How do I Install a Goodman Two-Stage Furnace?

Homeowners may replace their furnace because the previous unit no longer works, or to obtain energy savings from more energy-efficient models.

Installing a Goodman Two-Stage Furnace

Be sure the chimney liner is in good condition.Be sure the chimney liner is in good condition.
Regardless of the reason, be sure the person installing the new furnace, homeowner or qualified technician, is familiar with the procedure, local codes and safety measures surrounding the installation of a new gas appliance.

Acquire building permits to install the furnace.

Read the entire furnace manual. Even if you have installed furnaces previously, the particular model may have specific requirements that differ from other models. Those differences can sometimes be related to safety measures that are vital for protecting the occupants of the home.

Turn off the gas from the meter and replace the manual shutoff gas valve if it appears to be worn. It is good practice to replace the manual shutoff for every install even though it is usually not required by code. Make sure the electrical wire from the switch does not have current running through it by flipping the breaker at the breaker box.

Line up the furnace with the supply plenum and attach the transition to connect the furnace to the supply plenum. Attach the return air plenum to the furnace. If the return plenum does not line up, it may need to be moved or an offset attached to allow for proper fit.

Check the entire return air system from the furnace to the returns grills throughout the house. Air entering the return grill must be sealed for the complete path to the furnace. Use appropriate sealers or tape to prevent air outside of the return air system from entering.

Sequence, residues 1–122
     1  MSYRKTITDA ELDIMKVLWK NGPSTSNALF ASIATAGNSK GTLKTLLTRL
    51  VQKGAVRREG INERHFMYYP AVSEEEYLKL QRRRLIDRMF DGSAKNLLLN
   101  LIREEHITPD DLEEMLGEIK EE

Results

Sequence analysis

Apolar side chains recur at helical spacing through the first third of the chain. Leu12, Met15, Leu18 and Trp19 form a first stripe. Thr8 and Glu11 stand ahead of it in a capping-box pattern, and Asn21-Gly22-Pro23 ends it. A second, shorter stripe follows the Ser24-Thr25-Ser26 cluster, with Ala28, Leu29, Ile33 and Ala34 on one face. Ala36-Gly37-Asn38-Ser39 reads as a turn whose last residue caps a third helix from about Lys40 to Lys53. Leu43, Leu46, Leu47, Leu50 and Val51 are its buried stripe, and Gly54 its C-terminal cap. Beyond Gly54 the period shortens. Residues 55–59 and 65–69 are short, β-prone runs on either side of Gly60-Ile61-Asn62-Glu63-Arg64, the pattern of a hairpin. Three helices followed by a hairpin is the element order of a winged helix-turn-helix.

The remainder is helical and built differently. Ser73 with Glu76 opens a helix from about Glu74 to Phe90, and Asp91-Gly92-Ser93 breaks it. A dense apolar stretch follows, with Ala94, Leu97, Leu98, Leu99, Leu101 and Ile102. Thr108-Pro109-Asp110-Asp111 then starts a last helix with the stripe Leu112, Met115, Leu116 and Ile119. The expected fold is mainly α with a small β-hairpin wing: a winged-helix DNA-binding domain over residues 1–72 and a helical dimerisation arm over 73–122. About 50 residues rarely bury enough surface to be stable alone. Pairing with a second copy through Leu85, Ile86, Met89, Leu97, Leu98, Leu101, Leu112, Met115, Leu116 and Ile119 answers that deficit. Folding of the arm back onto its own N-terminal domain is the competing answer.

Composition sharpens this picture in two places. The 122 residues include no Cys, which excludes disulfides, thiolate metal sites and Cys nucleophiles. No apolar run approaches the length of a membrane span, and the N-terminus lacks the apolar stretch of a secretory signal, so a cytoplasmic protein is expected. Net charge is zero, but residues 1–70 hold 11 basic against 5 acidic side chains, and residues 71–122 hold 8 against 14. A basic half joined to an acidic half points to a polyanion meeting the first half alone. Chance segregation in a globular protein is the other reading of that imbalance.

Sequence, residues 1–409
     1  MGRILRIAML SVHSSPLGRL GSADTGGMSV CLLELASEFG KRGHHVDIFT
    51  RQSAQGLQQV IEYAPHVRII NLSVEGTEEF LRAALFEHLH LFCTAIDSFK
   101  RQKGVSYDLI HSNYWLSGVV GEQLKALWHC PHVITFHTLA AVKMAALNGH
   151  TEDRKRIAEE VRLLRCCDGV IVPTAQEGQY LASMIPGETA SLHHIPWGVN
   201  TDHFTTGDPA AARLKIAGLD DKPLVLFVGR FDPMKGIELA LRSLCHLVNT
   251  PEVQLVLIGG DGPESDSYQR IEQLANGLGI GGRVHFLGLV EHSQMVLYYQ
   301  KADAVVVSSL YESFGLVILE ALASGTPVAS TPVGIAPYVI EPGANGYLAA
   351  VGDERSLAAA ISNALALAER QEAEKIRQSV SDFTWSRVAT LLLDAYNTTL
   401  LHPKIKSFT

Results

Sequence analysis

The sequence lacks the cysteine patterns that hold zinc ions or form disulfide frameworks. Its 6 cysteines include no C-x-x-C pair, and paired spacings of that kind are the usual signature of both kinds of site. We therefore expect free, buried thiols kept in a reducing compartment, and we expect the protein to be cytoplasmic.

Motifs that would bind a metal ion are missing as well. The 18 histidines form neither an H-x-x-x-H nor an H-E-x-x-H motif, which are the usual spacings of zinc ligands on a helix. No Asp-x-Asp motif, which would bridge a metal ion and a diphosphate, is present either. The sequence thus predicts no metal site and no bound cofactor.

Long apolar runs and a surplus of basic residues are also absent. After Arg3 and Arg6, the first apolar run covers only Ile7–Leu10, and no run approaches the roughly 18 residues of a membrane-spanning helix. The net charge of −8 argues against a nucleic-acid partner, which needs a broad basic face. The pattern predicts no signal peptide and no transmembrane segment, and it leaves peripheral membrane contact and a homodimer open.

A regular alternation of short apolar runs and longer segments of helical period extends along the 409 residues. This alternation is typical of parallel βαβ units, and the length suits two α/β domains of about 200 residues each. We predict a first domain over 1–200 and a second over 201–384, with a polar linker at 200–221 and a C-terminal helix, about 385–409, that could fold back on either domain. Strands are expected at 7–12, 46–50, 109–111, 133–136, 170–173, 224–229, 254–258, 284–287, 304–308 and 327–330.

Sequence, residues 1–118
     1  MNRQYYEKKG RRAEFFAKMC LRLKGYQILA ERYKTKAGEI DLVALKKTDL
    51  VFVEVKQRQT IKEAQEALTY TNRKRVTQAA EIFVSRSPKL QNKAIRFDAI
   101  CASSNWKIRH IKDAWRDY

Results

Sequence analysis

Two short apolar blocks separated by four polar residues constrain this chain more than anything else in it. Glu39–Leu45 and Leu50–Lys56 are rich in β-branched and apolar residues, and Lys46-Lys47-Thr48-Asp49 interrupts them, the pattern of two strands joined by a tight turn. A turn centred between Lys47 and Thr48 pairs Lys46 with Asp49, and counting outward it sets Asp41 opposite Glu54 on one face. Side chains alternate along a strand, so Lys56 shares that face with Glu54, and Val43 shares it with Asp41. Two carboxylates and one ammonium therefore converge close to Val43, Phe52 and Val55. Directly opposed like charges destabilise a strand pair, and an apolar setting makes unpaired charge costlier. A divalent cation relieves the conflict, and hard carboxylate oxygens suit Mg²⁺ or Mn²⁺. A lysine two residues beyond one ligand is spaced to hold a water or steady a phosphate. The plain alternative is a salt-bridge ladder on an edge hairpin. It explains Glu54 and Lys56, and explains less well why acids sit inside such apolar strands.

Attach the venting to the chimney if it is a natural draft furnace. Be sure to check the chimney liner to verify it is in good condition. If it is in good condition, it can be reused with this new furnace. If the furnace is direct vent, then drill the appropriate size holes in the wall to allow combustion air to enter the furnace and exhaust air to the outdoors. If the furnace is high efficiency, then a condensation drain needs to be attached to the furnace to drain into a floor drain.

Attach the gas pipe to the furnace. If the furnace is the same size and design as the previous furnace, then everything should line up properly.

Attach the electrical wire to the furnace. It should be on its own breaker that is dedicated to the furnace. The ground will attach to the screw in the junction box inside of the furnace. The black connects to black and white to white. Make sure that proper wire nuts are used and tightened so that they cannot be pulled out. Attach the thermostat wire to the furnace.

Check for any loose fittings or connections. Turn on the gas and purge the line of air. Perform a soap-and-dial test using approved soap solution that will help detect any gas leaks on joints. To perform a dial test, turn off gas to all other appliances other than the furnace. Make sure the furnace is turned off and watch the dial on the outside meter for 10 minutes to see if the dial is moving. The slightest movement indicates a leak, and a quality gas detector should be used to identify the location.

Turn on the power to the furnace and set the thermostat to heat.

Things You Will Need

  • Pipe wrenches
  • Screwdriver
  • Wire nuts
  • Wire strippers
  • Multimeter
  • Transition kit

About the Author

Eric Jonas has been writing in small-business advertising and local community newsletters since 1998. Prior to his writing career, he became a licensed level II gas technician and continues to work in the field, also authoring educational newsletters for others in the business. Jonas is currently a graduate student with a Bachelor of Arts in English and rhetoric from McMaster University.